The consideration of fairness in the development of machine learning-based solutions is getting traction as a key aspect of artificial intelligence and modelling of social behaviours. This week the Harvard Business Review published a story authored by the leading forces behind a health analytics project that is using Deep Learning to detect people with propension to have a cardiovascular condition.
The researchers behind the Stroke Belt Project have found some useful tips to those who want to avoid socio demographic, racial, or any other type of human bias introduced by those who either prepare the data, build the model, or optimized outputs.
In an effort to promote “Fairness by Design”, a concept that we, at BBVA Data & Analytics, try to have always present when modelling and sampling data, they prescribe a few advices:
- Pair data scientist with social scientist to introduce a humanist perspective to the data and the solution to be implemented.
- Annotate data with caution. Make those responsible for annotating data that is gonna feed a machine learning model aware of their own possible bias.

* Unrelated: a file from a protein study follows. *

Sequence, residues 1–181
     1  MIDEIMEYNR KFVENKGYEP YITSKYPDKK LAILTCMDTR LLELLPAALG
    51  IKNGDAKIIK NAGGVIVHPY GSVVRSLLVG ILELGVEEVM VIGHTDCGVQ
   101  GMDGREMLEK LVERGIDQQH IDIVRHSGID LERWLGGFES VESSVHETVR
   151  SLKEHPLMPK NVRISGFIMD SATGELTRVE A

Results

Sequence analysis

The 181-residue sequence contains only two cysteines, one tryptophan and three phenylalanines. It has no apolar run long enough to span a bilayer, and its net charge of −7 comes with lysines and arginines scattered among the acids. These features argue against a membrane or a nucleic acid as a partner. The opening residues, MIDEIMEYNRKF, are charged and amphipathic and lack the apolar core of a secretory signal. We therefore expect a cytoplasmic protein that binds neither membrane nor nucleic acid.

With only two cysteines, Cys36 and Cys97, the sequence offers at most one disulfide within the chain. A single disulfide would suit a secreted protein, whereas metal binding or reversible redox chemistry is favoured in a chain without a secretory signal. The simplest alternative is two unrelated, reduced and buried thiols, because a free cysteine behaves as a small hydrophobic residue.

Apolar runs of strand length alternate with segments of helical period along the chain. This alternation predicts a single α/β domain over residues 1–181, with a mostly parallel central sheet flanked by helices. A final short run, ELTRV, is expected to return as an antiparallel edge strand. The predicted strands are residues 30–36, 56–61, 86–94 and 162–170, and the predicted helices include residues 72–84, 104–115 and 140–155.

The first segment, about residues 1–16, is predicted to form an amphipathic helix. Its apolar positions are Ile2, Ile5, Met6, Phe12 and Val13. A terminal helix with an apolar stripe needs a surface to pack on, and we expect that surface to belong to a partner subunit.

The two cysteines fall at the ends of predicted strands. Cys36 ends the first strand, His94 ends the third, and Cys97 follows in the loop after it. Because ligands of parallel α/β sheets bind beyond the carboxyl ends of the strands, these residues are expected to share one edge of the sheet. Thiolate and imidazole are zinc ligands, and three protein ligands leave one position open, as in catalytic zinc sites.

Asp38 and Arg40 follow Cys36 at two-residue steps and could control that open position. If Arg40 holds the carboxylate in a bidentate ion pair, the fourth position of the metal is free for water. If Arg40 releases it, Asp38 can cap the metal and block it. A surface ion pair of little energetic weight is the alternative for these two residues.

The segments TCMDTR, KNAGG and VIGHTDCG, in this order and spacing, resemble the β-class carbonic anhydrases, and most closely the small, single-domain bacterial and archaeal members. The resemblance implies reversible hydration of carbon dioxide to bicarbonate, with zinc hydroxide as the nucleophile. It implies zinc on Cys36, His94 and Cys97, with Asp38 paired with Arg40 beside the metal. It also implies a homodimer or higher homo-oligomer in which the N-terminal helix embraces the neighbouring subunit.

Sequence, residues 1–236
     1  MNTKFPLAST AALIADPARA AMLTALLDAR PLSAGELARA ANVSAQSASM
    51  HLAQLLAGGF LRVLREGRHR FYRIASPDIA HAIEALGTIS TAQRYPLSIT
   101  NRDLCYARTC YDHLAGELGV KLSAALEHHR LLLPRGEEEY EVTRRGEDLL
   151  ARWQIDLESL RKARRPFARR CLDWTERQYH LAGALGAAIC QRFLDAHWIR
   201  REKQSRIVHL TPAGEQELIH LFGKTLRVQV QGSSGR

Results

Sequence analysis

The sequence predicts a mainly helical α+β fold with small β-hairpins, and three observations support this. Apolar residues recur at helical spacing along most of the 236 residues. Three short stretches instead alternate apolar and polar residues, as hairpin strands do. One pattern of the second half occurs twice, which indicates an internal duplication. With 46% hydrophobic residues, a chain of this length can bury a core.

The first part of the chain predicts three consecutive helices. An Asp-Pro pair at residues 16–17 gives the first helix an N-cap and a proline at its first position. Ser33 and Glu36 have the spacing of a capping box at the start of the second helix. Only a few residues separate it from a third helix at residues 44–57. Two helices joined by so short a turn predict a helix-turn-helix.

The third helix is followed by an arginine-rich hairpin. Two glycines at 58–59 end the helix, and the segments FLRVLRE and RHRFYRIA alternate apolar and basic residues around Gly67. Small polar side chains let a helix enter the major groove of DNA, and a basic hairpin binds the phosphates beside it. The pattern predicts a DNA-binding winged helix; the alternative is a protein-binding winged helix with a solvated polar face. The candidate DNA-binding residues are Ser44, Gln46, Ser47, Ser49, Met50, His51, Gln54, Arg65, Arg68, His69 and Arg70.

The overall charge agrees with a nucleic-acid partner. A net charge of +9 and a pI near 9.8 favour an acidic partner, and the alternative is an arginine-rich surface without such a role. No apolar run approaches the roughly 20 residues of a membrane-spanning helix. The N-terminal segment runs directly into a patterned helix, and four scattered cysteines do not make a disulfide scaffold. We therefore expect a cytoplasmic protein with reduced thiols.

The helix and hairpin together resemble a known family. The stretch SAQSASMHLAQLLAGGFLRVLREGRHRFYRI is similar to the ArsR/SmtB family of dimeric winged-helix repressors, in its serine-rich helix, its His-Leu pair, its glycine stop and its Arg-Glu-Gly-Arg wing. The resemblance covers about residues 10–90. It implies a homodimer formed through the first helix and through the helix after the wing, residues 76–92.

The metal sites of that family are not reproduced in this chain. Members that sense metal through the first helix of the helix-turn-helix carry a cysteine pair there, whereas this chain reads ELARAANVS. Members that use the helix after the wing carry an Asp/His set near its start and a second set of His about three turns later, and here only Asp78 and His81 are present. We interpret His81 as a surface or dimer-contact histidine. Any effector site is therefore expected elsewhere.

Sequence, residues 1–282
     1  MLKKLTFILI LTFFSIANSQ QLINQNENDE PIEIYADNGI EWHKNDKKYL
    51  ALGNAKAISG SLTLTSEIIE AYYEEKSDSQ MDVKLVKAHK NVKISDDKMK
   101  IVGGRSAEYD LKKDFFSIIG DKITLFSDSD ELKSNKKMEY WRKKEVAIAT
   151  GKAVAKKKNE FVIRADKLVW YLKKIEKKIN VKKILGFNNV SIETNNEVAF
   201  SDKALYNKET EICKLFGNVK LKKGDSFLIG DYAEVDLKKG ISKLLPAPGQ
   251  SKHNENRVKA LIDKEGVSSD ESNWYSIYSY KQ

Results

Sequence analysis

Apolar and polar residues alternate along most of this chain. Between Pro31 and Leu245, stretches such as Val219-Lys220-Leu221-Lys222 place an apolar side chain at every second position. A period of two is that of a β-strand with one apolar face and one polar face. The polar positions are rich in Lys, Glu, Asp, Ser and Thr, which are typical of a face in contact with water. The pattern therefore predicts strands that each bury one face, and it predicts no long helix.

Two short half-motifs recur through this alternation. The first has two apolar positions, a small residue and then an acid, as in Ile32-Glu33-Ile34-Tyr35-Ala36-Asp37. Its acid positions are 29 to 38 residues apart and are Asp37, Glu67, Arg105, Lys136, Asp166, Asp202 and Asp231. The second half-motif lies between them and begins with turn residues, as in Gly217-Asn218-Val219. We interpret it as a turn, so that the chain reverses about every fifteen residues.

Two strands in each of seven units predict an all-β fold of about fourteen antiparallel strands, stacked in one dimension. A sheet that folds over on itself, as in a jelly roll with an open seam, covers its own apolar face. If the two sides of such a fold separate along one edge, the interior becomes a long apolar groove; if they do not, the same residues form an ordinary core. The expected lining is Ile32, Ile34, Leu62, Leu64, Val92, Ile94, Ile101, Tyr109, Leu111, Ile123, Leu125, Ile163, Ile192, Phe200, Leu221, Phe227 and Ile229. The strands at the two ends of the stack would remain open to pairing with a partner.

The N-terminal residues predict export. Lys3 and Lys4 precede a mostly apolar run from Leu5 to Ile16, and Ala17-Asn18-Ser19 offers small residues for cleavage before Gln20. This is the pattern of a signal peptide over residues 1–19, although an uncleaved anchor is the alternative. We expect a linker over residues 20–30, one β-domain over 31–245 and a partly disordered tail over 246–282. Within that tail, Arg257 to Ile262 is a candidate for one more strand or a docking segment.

- Measure fairness. By utilizing metrics to measure fairness and you can correct bias.
- Don’t only focused on representativeness. Once fairness measures are in place find balance between representativeness of future cases and underrepresentation of minorities.
- Keep de-biasing in mind and if necessary, avoid sociodemographic categorization altogether.
Fairness is one of the main concepts that BBVA Data & Analytics has been working to introduce in financial modelling. We have published a recent paper, “Reinforcement Learning for Fair Dynamic Pricing (Maestre, 2018)”, about the importance of integrating fairness as principal design principle when relying on Artificial Intelligence to make financial projections (See Section B on the paper):
Moreover, we have proposed metrics to quantify fairness, as the HBR article points out (point 3 in HBR article):
We have also authored several articles, attended conferences to talk about this topic and help introduce this debate in the digital transformation that BBVA in undergoing. A special attention on groups segmentation must be paid (points 4,5 in the HBR article). We try to achieve this with our client2vec models.
As underlined in the aforementioned HBR article, introducing “Fairness by Design” is not a drag for innovation, but a way of making advanced analytics more solid, more reliable and with better result across different socio demographics segments.